Global warming set to exceed Paris agreement’s 1.5C limit by 2040s, according to draft UN report

Josh Gabbatiss
Scientists believe many of the negative effects of climate change could be avoided if more ambitious goals are pursued: Getty

There is a very high risk” that the most ambitious global warming limit set in the Paris climate agreement is likely to be exceeded by the 2040s, according to a draft United Nations (UN) report.

Only a dramatic and unprecedented shift away from fossil fuels will enable world governments to limit warming to 1.5C above pre-industrial times, it said.

Hitting this target would “involve removal of carbon dioxide from the atmosphere,” said the report compiled by scientists on the UN’s Intergovernmental Panel on Climate Change (IPCC).

Sent out for comments from governments and experts this week, a copy of the current draft report was obtained by Reuters.

Questioned about its contents, the IPCC said it did not comment on the contents of draft reports while work is on-going as “the text can change substantially” between the current draft and the final version.

Changes could still be made as a result of feedback from reviewers and additional research findings published after the current draft was completed. The final version is due to be released in October.

As part of the Paris agreement, the decision was made to “pursue efforts to limit the temperature increase to 1.5C above pre-industrial levels”.

In total, 195 countries signed the accord and 173 have become party to the document which aims to curb global carbon emissions and contain global warming.

However, US President Donald Trump withdrew the US from the agreement last year, claiming it put American workers – particularly in the coal industry – at an “economic disadvantage".

Although the agreement aimed to keep global temperatures “well below” 2C above pre-industrial times, the more ambitious target of 1.5C is seen as the best way to avoid the harmful impacts of climate change.

These include devastating natural disasters such as droughts and flooding, which are increasingly being directly linked with rising temperatures.

The negative impacts that could be avoided if the world sticks to the more ambitious goal were recently outlined in the Climatic Change journal.

“We know that the 1.5C target is challenging,” said Professor Nigel Arnell, a climate scientist at the University of Reading who led that study.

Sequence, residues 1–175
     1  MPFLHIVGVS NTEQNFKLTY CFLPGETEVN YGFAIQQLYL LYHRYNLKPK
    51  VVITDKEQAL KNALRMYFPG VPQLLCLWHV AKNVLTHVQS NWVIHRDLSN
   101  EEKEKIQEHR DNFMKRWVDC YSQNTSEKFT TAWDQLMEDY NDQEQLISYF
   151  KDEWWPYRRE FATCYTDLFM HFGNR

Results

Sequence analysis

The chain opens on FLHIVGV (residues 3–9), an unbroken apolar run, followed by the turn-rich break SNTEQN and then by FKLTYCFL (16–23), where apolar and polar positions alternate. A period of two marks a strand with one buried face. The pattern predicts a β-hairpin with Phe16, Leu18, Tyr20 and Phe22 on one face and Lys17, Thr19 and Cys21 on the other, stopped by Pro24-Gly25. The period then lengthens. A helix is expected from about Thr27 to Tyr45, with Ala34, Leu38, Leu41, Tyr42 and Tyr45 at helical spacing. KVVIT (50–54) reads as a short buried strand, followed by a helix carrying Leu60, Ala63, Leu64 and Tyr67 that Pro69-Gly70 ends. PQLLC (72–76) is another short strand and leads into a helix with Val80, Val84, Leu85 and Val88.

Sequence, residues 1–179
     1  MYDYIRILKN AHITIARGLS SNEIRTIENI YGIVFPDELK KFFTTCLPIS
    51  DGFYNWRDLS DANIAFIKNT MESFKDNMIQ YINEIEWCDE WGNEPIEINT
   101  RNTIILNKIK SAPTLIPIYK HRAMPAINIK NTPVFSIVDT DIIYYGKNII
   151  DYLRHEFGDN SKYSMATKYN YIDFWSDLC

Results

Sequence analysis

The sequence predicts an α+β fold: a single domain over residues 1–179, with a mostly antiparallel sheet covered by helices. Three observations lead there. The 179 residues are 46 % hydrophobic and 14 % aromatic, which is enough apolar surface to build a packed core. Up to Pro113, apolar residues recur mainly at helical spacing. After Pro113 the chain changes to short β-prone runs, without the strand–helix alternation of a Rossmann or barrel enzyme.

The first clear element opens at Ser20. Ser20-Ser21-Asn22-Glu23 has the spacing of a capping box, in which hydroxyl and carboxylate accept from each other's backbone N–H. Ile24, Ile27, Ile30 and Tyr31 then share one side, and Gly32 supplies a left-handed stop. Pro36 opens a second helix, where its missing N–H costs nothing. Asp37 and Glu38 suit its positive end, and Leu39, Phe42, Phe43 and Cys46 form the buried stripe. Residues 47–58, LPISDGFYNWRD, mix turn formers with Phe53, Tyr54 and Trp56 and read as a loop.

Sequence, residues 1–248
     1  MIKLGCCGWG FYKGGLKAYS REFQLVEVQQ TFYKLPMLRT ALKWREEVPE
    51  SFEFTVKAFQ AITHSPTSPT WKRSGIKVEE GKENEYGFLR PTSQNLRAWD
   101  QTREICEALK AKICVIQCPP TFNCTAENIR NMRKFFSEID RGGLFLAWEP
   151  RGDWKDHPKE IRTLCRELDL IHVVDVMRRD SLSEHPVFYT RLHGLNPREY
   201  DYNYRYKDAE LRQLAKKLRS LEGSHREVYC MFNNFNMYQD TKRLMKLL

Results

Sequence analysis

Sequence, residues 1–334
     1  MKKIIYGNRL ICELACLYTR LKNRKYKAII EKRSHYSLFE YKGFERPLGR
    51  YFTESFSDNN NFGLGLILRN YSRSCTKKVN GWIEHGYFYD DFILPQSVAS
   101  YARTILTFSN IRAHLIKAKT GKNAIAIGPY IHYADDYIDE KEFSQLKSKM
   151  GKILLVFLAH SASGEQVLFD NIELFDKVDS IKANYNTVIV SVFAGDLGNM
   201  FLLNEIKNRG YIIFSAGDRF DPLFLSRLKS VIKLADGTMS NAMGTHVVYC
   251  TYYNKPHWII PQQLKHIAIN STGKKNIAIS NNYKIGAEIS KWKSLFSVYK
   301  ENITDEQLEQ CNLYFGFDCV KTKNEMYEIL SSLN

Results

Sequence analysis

He added that it told us "that if we achieve this target then we can avoid between 60 and 95 per cent of the adverse impacts of climate change than we could otherwise see.”

The IPCC report was commissioned to determine the likelihood of hitting these temperature targets.

Previous research has suggested the 1.5C goal is unlikely, with some predicting it could be exceeded within the coming decade.

The draft report states that there has been no historical precedent for the kind of changes required in energy use to keep global temperatures below the target limit.

Renewable energy sources will have to rapidly replace fossil fuels and carbon dioxide will have to be actively removed from the atmosphere.

This kind of removal would require the roll-out of carbon capture and storage technologies and potentially the planting of forests to absorb carbon dioxide.

“If the final version of the new IPCC Special Report should, in October, reach the conclusion that there is high risk of breaching the 1.5C limit by mid-century, that would be no surprise,” said Dr Phillip Williamson, a UK Natural Environment Research Council scientist who has been invited to review the current draft of the report, but has not yet seen the document.

He noted the IPCC conclusions are drawn from and therefore consistent with published scientific literature concerning projected future greenhouse gas emissions.

The most optimistic of these predictions suggest targets of between 1.5C and 2C might still be possible.

However, even these will require an “overshoot” – a period in the coming decades when global temperatures rise beyond those limits, only to be brought down again.

However, Dr Williamson also acknowledged that commenting on reporting of the leaked draft is “fraught with difficulties”.

Other climate scientists also echoed the IPCC in their statement that the final report will likely differ from the current version.

“The report is incomplete and findings can change substantially so I don’t think too much should be read into the statements,” said one of the report’s authors Professor Piers Forster, a climate change scientist at the University of Leeds.

“The IPCC review process is very transparent and rigorous. We expect to get many thousands of review comments on this draft and will need to respond to each one carefully.”

He added that the report as it stands, served as a reminder of how to countries should be approaching climate change.

“With regard to what measures might be implemented to avoid such a situation, the answer is straightforward: every country needs to stop adding to the problem, by increasing the urgency of effort to reduce greenhouse gas emissions,” said Dr Williamson.

“Indeed, to achieve a stable climate, net zero emissions are required. That target was included in the Paris Agreement at the global level; it also needs to be the target at the national level, with each country setting an ambitious date as to when it will be achieved.”